Wednesday, March 07, 2012

Niedecker: “To be beautifully lost . . .”

Lorine Niedecker, c. 1910

Jonathan Williams: “I have turned more and more away from the High Art of the city and settled for what I could unearth and respect in the tall grass . . .” And Lorine Niedecker:
I was Blondie
I carried my bundles of hog feeder price lists
down by Larry the Lug,
I’d never get anywhere
because I’d never had suction,
pull, you know, favor, drag,
well-oiled protection.

I heard their rehashed radio barbs—
more barbarous among hirelings . . .
Matter-of-factly reporting the world’s comeuppance, casually delivered and undeserved. A dismissal of it, with impertinence, but little contempt. An easy shrug: “Expect the long-stemmed blue / speedwell to renew / itself . . .” My habit of going to Niedecker for repair and sustenance. (Some odd connect of late: Niedecker’s “My Friend Tree”—“My friend tree / I sawed you down / but I must attend / an older friend / the sun” and lines out of the old Jefferson Airplane song “Eskimo Blue Day” (1969): “The reason I come, and I go, is the same / Animal game for me / You call it rain / But the human name / Doesn’t mean shit to a tree . . .”) There’s a lovely statement by Niedecker—quoted in Margot Peters’s Lorine Niedecker: A Poet’s Life (University of Wisconsin Press, 2011). She’s corresponding with Clayton Eshleman (3 February 1968) regarding “Wintergreen Ridge” and a sense of untethered release, replacing usual coherences in the piece with: “movement, gist, vibrations, a sense of floating. . . . I was afraid probably of losing myself—you know we want to lose ourselves and we don’t want to . . . I figured after 40 years of more or less precise writing, I cd. afford to let go.” Niedecker:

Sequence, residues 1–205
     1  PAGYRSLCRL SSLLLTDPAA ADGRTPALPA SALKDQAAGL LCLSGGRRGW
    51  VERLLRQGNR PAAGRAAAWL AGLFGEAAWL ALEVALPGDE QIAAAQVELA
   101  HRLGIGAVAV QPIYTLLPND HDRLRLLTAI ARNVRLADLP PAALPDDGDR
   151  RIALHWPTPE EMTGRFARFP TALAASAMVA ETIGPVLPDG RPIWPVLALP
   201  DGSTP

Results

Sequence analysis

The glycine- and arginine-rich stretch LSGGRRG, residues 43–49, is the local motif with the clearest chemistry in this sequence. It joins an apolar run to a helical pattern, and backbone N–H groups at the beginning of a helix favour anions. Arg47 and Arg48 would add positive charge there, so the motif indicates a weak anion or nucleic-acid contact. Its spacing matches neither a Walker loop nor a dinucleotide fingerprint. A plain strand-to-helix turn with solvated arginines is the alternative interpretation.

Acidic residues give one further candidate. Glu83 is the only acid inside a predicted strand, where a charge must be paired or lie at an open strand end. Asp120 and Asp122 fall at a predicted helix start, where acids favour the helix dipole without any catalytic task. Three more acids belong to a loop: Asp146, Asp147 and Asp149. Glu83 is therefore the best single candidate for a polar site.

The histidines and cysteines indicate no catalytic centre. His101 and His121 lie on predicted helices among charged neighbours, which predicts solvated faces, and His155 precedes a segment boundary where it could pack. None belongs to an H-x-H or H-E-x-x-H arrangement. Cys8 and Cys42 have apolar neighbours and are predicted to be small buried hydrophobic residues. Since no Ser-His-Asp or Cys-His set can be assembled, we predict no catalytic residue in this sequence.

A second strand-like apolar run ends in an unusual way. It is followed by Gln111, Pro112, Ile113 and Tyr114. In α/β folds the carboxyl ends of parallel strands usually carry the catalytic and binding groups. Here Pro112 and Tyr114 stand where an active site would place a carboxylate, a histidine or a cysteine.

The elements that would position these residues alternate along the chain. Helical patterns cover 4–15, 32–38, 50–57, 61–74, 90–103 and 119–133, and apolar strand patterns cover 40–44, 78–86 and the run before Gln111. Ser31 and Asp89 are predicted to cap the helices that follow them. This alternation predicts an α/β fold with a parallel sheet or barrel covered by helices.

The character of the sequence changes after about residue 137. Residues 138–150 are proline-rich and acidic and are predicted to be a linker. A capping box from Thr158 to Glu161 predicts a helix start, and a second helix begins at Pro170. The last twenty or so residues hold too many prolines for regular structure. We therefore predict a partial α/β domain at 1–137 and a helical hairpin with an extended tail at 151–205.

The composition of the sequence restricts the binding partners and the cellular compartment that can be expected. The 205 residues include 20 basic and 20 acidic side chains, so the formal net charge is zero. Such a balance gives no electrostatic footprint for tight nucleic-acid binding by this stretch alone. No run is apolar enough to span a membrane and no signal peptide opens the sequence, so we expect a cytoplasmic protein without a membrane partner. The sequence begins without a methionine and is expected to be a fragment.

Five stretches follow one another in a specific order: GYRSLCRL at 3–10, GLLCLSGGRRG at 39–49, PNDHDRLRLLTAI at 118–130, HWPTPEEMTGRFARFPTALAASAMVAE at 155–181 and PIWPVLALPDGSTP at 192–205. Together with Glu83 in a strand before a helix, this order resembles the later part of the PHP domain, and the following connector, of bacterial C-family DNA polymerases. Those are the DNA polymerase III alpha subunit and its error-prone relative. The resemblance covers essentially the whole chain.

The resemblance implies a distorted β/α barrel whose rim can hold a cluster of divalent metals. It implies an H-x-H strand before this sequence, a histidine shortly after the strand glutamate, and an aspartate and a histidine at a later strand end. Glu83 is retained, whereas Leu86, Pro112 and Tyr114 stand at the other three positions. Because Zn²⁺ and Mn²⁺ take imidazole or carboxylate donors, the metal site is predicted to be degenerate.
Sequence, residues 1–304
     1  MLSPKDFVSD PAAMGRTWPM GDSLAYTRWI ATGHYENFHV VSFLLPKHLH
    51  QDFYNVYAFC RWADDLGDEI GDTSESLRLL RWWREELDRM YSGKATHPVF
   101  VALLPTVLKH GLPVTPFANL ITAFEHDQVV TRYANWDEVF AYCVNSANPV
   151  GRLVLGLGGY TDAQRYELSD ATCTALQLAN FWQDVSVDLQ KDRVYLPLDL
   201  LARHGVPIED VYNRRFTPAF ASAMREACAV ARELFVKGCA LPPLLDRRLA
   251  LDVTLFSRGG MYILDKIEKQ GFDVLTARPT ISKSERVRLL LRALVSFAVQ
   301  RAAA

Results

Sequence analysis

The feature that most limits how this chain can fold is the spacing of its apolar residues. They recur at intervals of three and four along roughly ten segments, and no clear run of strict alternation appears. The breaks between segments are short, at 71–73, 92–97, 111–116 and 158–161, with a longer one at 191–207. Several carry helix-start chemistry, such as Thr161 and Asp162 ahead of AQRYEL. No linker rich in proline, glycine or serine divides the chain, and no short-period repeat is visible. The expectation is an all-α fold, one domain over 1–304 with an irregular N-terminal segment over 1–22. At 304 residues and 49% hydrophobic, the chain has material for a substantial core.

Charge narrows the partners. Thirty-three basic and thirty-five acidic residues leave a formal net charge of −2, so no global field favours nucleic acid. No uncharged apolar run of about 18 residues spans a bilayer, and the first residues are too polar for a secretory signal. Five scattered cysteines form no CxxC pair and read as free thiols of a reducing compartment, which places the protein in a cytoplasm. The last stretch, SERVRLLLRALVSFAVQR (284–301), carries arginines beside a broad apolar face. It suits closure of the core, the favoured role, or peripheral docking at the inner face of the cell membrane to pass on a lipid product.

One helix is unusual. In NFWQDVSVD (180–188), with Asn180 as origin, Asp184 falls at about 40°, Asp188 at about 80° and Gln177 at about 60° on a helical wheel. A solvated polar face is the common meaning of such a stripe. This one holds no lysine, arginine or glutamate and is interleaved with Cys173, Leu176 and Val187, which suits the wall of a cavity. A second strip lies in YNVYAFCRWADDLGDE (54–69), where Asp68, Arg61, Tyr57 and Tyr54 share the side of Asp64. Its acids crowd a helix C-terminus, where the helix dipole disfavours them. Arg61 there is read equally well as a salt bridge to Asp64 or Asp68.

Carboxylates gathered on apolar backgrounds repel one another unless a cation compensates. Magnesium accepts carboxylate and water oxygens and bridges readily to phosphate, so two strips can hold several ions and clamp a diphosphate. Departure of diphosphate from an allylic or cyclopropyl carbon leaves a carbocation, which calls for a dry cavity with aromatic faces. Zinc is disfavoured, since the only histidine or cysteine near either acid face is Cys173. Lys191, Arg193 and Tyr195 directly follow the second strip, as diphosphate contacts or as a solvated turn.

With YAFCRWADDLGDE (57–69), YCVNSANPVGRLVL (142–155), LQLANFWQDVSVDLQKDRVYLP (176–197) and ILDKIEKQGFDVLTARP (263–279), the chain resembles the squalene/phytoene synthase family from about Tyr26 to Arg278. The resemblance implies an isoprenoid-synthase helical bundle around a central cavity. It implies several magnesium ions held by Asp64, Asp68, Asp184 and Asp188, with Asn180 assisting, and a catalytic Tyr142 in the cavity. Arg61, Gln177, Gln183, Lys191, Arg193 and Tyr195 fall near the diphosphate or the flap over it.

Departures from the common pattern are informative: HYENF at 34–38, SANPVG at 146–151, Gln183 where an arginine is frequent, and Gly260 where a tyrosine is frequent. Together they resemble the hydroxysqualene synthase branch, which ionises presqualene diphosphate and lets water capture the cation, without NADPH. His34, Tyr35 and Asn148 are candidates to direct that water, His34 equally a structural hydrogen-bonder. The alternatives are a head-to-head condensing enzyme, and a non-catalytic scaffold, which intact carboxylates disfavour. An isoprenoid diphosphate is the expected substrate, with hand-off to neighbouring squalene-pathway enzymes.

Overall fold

It’s in the province of natural history that imagination in the protoplasm of the mind is limited by actual experience, but it has the innate impulse to cross barriers. It is the nature of protoplasm in the cerebral cortex never to be satisfied but always to want more. (I take from science just what I want, like Bible readers taking only what they want from there) I begin to wonder if it isn’t reality—natural—to be beautifully lost for a time and to me that’s poetry.
Nature surpassing itself in uncertainty, seeking other means, other forms: the natural pushing and swelling into the preternatural, no contra naturam here . . . Of course:
Effort lay in us
before religions
        at pond bottom
                All things move toward
the light

except those
that freely work down
        to oceans’ black depths
                In us an impulse tests
the unknown
(Out of “Paean to Place.”)

Jefferson Airplane, “Eskimo Blue Day,” 1969